John R. Swinton, Ph.D.  john.swinton@gcsu.edu

416 Atkinson Hall

                                  Spring 2017 Office Hours: T-R 10:00 – 11:30 and by appointment.

(Please note that as Director of the Center for Economic Education, I will often be called away from my office.  It is best to make an appointment before coming to my office if it is not during office hours.  But, I am often in my office at other times and you are welcome to come in when my door is open.)

 

 

 


Teaching Philosophy

My goal is to create an environment that challenges the student while providing support for active learning in the classroom.  It is my hope that each student will end the semester with a broader horizon and the skills to navigate that horizon. 

Please click here for important university policies: http://gcsu.smartcatalogiq.com/en/Policy-Manual/Policy-Manual/Academic-Affairs/EmploymentPolicies-Procedures-Benefits/Faculty-Rights-and-Responsibilities/Faculty-Work-Requirements/Syllabus-Requirements

Spring Courses

ECON 3830 (FINC 3830) – Financial Markets and Institutions – Texts: Fabozzi, F.J, F. Modigliani, and F.J. Jones (2010). “Foundations of Financial Markets and Institutions” (4th Edition), Prentice Hall, New York. ISBN 978-0-13-613531-9.   And: Cassidy, J (2010). “How Markets Fail” Picadore, New York.

ECON 6980 – Applied Economics for Managers – Text:  Thomas and Maurice (2016) Managerial Economics: Foundations of Business Analysis and Strategy (12th edition).  McGraw-Hill Irwin, New York, NY.

 

 

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A comment on teaching economics by Robert Frank:   The Opportunity Cost of Economics Education

For a glimpse at the fringe of economic research: Freakonomics

A very good blog from one of the biggest names in economics principles textbooks: Greg Mankiw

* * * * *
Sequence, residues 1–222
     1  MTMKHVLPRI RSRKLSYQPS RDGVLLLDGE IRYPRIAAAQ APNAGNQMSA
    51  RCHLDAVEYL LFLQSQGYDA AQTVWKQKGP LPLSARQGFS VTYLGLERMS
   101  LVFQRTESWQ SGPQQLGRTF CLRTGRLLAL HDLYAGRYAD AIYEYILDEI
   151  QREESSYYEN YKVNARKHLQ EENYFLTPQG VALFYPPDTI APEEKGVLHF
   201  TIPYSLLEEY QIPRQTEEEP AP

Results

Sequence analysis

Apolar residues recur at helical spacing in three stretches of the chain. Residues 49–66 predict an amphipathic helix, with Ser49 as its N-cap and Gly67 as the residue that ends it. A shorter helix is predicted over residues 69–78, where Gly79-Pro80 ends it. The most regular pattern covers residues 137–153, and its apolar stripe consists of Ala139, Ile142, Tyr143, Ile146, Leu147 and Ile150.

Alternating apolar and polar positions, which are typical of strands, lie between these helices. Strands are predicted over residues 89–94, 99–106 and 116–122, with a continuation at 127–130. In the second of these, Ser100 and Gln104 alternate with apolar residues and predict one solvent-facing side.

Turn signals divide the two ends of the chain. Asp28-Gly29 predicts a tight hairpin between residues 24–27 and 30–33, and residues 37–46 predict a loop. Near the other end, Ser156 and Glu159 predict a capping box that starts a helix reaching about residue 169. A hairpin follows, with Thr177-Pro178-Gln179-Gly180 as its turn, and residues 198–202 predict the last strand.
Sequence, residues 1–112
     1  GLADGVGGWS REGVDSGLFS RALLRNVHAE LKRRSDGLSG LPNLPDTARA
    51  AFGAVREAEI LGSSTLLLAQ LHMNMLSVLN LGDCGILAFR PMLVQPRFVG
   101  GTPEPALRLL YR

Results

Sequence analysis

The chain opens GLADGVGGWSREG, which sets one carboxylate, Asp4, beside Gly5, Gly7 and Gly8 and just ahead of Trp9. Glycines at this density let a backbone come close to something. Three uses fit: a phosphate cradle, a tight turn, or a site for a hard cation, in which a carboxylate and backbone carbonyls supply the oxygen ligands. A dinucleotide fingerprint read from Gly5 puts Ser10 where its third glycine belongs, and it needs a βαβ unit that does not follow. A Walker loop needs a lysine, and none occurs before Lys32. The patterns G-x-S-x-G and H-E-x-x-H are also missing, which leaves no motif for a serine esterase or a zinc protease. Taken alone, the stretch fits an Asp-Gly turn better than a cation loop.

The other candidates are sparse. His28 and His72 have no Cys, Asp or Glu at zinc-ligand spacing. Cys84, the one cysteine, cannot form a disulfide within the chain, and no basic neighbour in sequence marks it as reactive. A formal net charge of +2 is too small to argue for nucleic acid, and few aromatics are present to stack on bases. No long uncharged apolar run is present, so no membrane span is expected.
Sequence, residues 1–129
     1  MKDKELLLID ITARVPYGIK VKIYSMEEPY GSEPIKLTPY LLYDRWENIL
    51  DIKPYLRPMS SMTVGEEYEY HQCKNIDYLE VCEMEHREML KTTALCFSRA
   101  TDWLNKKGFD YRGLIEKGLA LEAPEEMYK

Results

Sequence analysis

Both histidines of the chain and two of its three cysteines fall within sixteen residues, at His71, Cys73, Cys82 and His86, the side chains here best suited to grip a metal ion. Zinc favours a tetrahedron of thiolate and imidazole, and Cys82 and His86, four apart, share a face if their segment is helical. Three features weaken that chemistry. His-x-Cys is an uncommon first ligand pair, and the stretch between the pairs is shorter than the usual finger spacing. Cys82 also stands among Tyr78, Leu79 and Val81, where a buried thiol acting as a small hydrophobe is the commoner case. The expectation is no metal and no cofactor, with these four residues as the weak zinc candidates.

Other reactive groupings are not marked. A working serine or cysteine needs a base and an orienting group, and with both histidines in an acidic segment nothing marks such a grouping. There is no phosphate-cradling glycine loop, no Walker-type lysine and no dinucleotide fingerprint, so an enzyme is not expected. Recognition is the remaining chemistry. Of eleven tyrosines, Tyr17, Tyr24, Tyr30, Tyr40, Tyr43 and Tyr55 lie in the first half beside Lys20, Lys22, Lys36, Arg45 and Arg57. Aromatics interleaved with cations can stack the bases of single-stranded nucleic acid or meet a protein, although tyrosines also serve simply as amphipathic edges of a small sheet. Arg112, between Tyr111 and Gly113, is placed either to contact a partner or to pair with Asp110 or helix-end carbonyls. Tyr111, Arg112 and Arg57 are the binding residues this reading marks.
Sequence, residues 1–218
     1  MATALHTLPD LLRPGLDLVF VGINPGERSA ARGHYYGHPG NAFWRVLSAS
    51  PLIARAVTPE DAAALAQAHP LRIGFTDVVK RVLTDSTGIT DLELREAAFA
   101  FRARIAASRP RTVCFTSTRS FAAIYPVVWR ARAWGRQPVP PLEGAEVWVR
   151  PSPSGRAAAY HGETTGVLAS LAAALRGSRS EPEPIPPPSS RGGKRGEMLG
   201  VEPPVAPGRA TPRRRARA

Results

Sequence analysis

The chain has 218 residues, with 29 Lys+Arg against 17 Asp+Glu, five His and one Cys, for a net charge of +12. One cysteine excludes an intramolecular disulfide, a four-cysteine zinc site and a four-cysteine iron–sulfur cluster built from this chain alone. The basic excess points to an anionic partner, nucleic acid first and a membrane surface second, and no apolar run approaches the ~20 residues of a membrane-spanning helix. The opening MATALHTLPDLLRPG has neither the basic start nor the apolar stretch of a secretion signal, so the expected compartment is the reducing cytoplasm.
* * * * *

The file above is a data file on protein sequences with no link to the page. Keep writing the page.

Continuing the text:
And, no economics web page would be complete without the NEW Economics of Seinfeld: www.yadayadayadaecon.com

Useful resources for students:

Amos Web (an economics tutorial site)

For help with writing style and citations see the summary provided by Bucknell University of the Turabian guide: 
http://www.bucknell.edu/documents/isr/turabian.pdf
 

Other Courses Taught

 

ECON 2100 – Economics and Society: Required Text: Mankiw (2015). Principles of Economics (7th edition).  Cengage Learning, Stamford, CT. (all course information in the D2L site – this class is completely online).

ECON 2105 – Principles of Macroeconomics:  Text: D. Colander (2013). “Macroeconomics” (9th Edition), McGraw-Hill Irwin, Inc.  New York. ISBN-13: 978-0-07-750186-0 (paper) (any recent edition will do, just make sure to read the correct chapters).    

ECON 2106 – Principles of Microeconomics – Text: D. Colander (2015). “Microeconomics” (10th Edition), McGraw-Hill Irwin, Inc.  New York. ISBN 978-1-259-65550-0 (any recent edition will do, just make sure to read the correct chapters).     – Note: I am using D2L (GeorgiaView) to house your course material this semester -- https://gcsu.view.usg.edu/ 

ECON 3645 – Public Sector Economics: Expenditure – Text: H.S. Rosen and T. Gayer (2014). “Public Finance” (10th Edition), McGraw-Hill Irwin, Inc. New York. ISBN 978-0-07-802168-8.

ECON 3860 – Environmental and Natural Resource Economics – Text: Field, B. and M. Field () “Environmental Economics: an Introduction (6th Edition).  McGraw-Hill Irwin. ISBN .

ECON 3600 – Intermediate Microeconomics

ECON 4990 – Senior Seminar -- McClosky, D. (1992). If You Are So Smart: The Rhetoric of Economics.  University of Chicago Press, Chicago, IL.

ECON 5171 – Fundamentals of Economics